Common Drugs Dangerous to Pets

Acetaminophen can be Toxic for your Pets!

Many pet owners assume dogs and cats are just small humans and give them medications and foods commonly used for people.  Keep in mind each species has very specific requirements for medications and drug doses.  For example Acetaminophen (or paracetamol) is one of the most popular pain medications for people, but can be toxic to your dog and is deadly to your cat.

Why Acetaminophen (Tylenol ) can be toxic to your pet? 

In the human body acetaminophen is mostly converted to inactive compounds and it is eliminated from the body by 50 – 60%.  In dogs the elimination process is approximately the same, however less than 3% of acetaminophen is eliminated in cats. High doses can cause acute liver damage and damage to the red blood cells leading to inability to carry oxygen.

In dog’s acetaminophen can be used for pain control at very low doses, however it is almost never used in practice by veterinarians.  Clinical signs of toxicity are not typically observed in dogs unless the dose exceeds 100mg/kg at which time liver damage develops.  Doses of 200mg/kg can result in red blood cell damage and death.  Acetaminophen should never be used in cats.  A dose as low as 10mg/kg will produce poisoning.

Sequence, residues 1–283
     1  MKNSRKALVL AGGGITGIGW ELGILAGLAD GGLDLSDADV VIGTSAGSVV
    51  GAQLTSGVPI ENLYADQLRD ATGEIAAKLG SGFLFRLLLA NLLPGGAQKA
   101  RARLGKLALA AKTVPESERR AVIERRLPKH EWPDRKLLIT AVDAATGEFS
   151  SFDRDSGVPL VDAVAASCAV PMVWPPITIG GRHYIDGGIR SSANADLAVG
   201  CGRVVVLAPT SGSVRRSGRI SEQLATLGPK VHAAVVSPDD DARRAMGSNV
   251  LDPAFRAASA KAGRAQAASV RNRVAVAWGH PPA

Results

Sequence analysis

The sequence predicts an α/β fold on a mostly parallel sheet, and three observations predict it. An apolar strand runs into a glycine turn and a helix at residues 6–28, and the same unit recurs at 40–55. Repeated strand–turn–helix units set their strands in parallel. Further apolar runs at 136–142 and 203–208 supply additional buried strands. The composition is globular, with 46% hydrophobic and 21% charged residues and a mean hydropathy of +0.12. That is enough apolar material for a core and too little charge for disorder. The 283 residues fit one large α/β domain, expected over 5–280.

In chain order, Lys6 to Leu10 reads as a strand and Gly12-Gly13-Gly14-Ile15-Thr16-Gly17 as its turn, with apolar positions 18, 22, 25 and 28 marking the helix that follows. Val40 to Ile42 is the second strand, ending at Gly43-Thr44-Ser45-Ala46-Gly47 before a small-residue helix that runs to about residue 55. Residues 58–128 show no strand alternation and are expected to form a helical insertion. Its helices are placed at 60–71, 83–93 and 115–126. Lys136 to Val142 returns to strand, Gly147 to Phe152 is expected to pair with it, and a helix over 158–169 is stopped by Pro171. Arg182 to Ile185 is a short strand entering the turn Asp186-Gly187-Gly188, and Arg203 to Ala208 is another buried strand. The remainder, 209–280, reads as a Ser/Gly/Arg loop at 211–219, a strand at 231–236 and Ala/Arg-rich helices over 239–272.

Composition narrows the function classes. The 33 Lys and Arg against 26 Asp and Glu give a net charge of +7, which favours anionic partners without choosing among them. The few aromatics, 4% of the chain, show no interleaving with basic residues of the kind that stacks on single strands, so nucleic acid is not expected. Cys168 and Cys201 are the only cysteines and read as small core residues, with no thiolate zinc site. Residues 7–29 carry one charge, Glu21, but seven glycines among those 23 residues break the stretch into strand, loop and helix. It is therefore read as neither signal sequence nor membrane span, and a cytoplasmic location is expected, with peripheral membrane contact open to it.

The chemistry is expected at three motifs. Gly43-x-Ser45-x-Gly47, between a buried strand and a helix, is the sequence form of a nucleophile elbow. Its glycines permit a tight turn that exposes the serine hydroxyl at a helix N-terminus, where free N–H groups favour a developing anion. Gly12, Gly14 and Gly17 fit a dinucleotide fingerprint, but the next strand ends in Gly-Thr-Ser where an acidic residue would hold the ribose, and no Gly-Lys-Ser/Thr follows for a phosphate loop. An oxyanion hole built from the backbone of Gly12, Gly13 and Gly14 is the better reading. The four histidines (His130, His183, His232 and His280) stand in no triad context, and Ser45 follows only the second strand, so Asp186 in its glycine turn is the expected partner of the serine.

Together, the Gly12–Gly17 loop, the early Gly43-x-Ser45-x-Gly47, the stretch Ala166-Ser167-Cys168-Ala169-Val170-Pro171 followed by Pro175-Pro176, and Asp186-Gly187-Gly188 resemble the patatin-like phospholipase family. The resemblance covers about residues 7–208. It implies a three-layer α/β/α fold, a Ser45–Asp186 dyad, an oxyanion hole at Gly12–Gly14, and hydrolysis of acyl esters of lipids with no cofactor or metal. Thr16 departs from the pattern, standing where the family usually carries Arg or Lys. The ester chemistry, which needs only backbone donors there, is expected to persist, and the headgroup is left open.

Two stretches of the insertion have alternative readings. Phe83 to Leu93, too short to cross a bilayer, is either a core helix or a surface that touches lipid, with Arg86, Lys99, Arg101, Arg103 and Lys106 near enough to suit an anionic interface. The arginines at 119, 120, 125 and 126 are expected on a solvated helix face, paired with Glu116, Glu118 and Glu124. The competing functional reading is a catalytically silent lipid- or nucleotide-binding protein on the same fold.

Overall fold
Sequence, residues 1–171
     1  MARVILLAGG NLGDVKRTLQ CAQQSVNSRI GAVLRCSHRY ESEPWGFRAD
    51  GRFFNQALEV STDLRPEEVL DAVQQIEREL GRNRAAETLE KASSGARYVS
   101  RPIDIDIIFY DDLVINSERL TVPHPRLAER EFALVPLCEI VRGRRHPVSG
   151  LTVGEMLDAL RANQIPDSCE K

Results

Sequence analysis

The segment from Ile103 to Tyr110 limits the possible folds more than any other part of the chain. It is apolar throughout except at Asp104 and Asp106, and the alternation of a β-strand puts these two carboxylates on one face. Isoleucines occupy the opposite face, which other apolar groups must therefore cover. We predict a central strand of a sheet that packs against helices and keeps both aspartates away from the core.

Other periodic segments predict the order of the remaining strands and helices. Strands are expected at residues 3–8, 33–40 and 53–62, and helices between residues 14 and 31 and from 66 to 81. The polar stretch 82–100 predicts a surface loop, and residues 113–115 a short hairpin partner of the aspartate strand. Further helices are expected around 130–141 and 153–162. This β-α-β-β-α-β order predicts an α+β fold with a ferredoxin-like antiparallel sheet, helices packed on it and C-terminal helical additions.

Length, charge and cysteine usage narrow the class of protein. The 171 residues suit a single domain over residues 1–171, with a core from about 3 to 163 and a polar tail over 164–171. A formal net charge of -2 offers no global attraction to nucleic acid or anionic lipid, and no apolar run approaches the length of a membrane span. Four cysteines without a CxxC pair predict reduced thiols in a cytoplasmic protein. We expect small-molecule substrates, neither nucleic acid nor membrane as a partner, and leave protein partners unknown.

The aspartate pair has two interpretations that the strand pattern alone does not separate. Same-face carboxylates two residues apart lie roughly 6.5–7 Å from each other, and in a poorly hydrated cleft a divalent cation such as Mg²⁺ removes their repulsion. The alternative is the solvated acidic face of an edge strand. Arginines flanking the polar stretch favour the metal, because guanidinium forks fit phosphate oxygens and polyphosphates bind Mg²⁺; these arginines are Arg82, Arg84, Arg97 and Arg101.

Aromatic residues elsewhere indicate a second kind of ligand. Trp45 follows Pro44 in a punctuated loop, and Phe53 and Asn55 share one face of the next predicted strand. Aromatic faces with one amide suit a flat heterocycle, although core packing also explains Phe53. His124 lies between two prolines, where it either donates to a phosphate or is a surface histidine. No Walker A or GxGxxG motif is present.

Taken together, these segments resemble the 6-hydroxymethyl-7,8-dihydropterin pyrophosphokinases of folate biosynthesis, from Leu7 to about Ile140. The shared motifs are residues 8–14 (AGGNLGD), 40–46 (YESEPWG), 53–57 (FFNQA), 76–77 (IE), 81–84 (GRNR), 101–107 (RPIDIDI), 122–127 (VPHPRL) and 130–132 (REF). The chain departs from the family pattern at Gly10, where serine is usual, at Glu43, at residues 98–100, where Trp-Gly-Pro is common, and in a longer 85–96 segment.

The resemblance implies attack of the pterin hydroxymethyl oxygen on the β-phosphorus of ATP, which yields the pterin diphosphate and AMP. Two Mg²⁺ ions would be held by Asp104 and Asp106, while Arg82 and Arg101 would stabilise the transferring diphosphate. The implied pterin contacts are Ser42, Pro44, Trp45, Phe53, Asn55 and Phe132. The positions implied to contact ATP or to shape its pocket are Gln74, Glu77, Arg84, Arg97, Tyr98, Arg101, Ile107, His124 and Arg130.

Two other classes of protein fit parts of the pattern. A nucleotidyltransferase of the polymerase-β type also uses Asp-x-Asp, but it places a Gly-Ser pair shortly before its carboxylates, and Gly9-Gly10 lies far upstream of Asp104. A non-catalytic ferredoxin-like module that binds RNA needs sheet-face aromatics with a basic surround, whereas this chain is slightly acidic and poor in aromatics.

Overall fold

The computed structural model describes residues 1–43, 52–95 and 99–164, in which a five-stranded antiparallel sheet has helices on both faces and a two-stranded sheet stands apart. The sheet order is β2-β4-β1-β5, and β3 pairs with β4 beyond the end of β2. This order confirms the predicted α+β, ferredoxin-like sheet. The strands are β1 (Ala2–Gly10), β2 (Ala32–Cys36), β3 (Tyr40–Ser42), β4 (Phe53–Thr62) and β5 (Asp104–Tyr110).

Clinical Signs

Clinical signs of toxicity include depression, weakness, rapid respiration, difficulties breathing, purple to blue color of the skin, gums and tongue, jaundice, vomiting, hypothermia, swelling of the face or paws, black blood, and even death.

If your Pet has taken Acetaminophen

If your pet has accidentally ingested some of your acetaminophen, please contact a veterinarian immediately.  Before you call, try to have the strength and amount of medication available including the time it was taken.  The vet will also need to know your pet’s body weight.


The treatment for acetaminophen poisoning is not possible at home.  Your pet will be placed on intravenous fluids and his/her bloodwork will be checked.  Vomiting may be induced, and activated charcoal may be given if the medication was taken within 2-4 hours.  If the bloodwork shows red blood cell damage, a blood transfusion may be required. Oxygen and specific medications will be administered.


The prognosis for recovery in dogs is usually favorable, depending on the dosage. However the prognosis for recovery in cats is questionable, especially if the clinical signs have developed.

Why is your cat so susceptible to acetaminophen? The activity of the enzyme glucuronyl transferase is required in order to be able to eliminate the acetaminophen from the body, and this activity is very low in cats.


Always consult a veterinarian if you are considering giving Tylenol to your dog and you should never give this medication to a cat.   Keep your medications locked away and inaccessible to your pets, as they may eat them if they find them.

If your pet is in pain, your veterinarian will recommend a variety of other pain medications which are safe and work much better for cats and dogs.

Written By: Gala Musters, DVM